Tania Malan INP, MSc Aesthetic Medecine - Anita Woolley - FIBMS Senior Biomedical Scientist
To determine the composition of PRP obtained from 4 commercial separation kits, which would allow assessment of current classification systems used in cross-evaluation comparisons.
In the last few decades different concepts have evolved for the best possible tissue regeneration in wounds, surgery and skin (Choukroun 2017, Dohle 2018). The use of PRP and its growth factors is attracting much attention amongst aestheticians, dermatologists and surgeons (Takura, 1996, Yildiz, 2016, Wang, 2016). Platelets contain high quantities of growth factors capable of stimulating cell proliferation (mitogenesis), matrix remodelling (Dohan, 2009) and vascular growth (angiogenesis) (Robert, 2001). See Table 1.
PRP is a relatively new biotechnology which is part of tissue engineering and cellular therapy (Robert, 2001). PRP originated 40 years ago where blood derived products were used to seal wounds and stimulate healing (Dohan, 2009). Some studies found that the drawback from PRP is that the additional use of anticoagulants inhibit wound healing (Wang, 2016). Furthermore, the optimal combination of each cellular component in PRP remains unknown due to the variety of commercially available PRP generating systems, which makes it difficult to know which PRP preparation is best for which clinical indication (Boswell, 2014).
Now a second-generation protocol emerged known as PRF (platelet rich fibrin) or Choukroun’s i-PRF. It differs from PRP in the sense that there is no anticoagulants or additives and are centrifuged at lower speed (Dohan, 2006). PRF has a mixture of platelets, white blood cells, bone morphogenic protein (BMP), stem cells and growth factors (Holistic, 2018). However, these concepts have spurred commercial interest and exploitation with a wide variety of preparation protocols and kits (Dohan, 2009).
More confusing is the various nomenclature depending on who markets the product such as Vivostat PRF, Fibrinet Platelet Rich Fibrin Matrix (PRFM), Dracula Kit etc. Various classifications also exist such as L-PRP i-PRF, PRF etc. See Table 2. The use of platelet concentrates, and its efficiency is controversial (Dohan, 2009). Dohan (2009) continues that applications and methods leads to a different product with different biology and potential uses. A literature review of the various classifications and impact added to the confusion as the protocols, machines, activation methods are all different.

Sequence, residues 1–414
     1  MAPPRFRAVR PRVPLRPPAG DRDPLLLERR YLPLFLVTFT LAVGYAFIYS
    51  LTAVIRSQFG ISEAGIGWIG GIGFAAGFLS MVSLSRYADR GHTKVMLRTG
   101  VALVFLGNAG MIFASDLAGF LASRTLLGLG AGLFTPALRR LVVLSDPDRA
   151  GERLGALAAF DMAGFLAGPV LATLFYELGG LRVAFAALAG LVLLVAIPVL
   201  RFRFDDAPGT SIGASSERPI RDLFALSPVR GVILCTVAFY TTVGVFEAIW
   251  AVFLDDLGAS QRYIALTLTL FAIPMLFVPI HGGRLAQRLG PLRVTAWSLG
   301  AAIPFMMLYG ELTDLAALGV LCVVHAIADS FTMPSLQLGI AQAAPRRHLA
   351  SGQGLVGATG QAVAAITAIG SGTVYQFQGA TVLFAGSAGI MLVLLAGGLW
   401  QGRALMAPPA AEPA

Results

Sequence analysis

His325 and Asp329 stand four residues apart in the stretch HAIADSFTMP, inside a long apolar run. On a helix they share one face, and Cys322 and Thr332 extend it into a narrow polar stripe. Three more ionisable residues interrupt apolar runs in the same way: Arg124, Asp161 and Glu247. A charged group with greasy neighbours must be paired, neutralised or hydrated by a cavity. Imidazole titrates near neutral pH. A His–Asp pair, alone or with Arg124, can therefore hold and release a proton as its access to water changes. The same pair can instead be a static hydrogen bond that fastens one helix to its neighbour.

Furthermore, the literature mention “large” or “rich” concentrates but no real evidence of its numbers could be found within the literature. Therefore, studies are mostly empirical with no real data behind it and no standardisation. The literature remains unclear about the true clinical differences between these related fibrin products (Dohan, 2008). Dohan (2008) continues that the differences between PRP and i-PRF have never been analysed with regards to its leukocyte content or the final concentrate key parameter of platelets and never been accurately documented. The problem is that there is only empirical data available regarding the various centrifuges, protocols and platelet yield (Redaelli, 2010).
The tests are done by “eye” where clinicians or commercial sellers judge the number of platelets which often based on the amount of plasma separated from the red blood cells. The aim of this evaluation was to determine the cell count of 4 commercial kits to accurately measure the difference cell counts,
but most importantly the amount of platelet concentration in each kit.